Land preparation is important to ensure that the rice field is ready for planting. A well-prepared field controls weeds, recycles plant nutrients, and provides a soft soil mass for transplanting and a suitable soil surface for direct seeding.
Land preparation covers a wide range of practices from zero-tillage or minimum tillage which minimizes soil disturbance through to a totally 'puddled' soil which actually destroys soil structure.
It typically involves (1) plowing to "till" or dig-up, mix, and overturn the soil; (2) harrowing to break the soil clods into smaller mass and incorporate plant residue, and (3) leveling the field.
Initial land preparation begins after your last harvest or during fallow period. This is important for effective weed control and for enriching the soil. Generally, it will take 3−4 weeks to prepare the field before planting.
Implements: Power tiller with attached moldboard plow, Hydrotiller, Rotovator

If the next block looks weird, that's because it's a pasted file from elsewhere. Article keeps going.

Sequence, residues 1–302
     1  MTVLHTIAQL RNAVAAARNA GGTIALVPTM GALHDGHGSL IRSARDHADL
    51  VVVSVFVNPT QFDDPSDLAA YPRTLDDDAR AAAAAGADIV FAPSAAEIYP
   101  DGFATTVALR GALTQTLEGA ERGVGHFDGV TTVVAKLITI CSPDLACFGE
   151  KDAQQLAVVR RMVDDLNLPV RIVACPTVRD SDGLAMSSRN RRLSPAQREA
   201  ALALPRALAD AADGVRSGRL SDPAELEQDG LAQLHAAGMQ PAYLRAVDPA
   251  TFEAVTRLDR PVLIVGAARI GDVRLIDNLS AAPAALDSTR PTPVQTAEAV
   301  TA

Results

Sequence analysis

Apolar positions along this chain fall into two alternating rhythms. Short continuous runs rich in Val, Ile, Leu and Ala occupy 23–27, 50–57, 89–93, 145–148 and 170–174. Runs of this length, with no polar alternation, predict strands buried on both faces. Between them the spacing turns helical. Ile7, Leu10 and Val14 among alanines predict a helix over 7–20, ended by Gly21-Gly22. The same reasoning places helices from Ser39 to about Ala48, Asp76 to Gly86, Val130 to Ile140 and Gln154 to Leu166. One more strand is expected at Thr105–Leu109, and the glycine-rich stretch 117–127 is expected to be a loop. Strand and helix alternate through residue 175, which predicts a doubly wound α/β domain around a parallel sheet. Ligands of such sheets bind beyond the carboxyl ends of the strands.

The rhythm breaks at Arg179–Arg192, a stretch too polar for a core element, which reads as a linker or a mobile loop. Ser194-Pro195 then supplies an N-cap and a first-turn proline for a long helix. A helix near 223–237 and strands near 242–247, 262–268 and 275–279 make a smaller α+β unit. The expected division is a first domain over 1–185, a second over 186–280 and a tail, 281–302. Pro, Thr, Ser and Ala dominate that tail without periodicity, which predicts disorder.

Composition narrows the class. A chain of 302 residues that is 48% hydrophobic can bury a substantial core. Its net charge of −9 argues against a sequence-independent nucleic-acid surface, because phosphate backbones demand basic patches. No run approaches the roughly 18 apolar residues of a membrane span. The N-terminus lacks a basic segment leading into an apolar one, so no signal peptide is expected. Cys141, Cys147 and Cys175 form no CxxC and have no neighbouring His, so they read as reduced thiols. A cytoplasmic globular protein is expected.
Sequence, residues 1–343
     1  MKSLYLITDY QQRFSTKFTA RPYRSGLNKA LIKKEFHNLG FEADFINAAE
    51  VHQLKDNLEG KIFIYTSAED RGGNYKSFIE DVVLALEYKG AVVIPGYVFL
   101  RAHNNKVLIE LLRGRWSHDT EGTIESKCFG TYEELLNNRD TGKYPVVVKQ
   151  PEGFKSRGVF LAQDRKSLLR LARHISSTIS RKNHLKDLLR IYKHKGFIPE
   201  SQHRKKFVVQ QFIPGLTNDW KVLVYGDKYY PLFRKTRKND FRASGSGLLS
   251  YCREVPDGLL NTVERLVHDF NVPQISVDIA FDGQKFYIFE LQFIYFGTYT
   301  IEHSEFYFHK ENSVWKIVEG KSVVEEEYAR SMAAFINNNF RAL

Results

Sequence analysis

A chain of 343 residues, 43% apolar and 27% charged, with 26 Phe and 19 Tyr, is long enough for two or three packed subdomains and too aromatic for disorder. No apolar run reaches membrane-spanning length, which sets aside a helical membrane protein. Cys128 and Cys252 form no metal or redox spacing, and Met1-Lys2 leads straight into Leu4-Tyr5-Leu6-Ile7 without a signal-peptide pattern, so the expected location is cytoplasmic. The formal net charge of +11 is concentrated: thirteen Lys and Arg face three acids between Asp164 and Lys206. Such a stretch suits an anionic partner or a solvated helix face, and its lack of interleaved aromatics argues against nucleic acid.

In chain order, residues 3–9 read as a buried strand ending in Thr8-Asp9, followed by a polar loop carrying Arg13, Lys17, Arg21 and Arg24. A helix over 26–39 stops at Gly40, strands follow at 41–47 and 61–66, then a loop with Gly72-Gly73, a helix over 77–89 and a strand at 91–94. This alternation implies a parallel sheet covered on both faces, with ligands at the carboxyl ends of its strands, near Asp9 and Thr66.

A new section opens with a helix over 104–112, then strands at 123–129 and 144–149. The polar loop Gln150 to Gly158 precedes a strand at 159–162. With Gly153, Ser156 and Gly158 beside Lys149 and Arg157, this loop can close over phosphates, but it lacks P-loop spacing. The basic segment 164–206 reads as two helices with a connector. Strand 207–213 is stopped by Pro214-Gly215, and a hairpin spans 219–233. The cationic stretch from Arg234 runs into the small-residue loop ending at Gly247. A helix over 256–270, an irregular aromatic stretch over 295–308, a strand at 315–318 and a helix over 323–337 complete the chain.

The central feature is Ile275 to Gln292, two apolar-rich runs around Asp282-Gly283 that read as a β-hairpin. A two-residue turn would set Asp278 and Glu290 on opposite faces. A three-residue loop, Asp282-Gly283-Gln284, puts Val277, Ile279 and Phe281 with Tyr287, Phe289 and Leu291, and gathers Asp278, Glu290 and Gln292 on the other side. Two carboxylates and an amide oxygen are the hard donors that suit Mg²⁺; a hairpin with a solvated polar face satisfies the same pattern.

Depending on weed population and soil condition, another tillage operation can be done.
Composting converts crop residues into better organic fertilizers. To create a compost:
Growing cover crops help suppress weeds and enrich the soil.
Crops that can be planted after harvest include nitrogen fixing crops like Sesbania, Azolla, and other legumes such as mung bean and cow pea.
Different rice ecosystems have different land preparation requirements. Lowland rice fields, for example, are usually puddled to develop a hard pan and reduce water loss. Upland ricefields, on the other hand, do not necessarily have to be puddled. In resource-limiting environments, dry preparation can be adapted.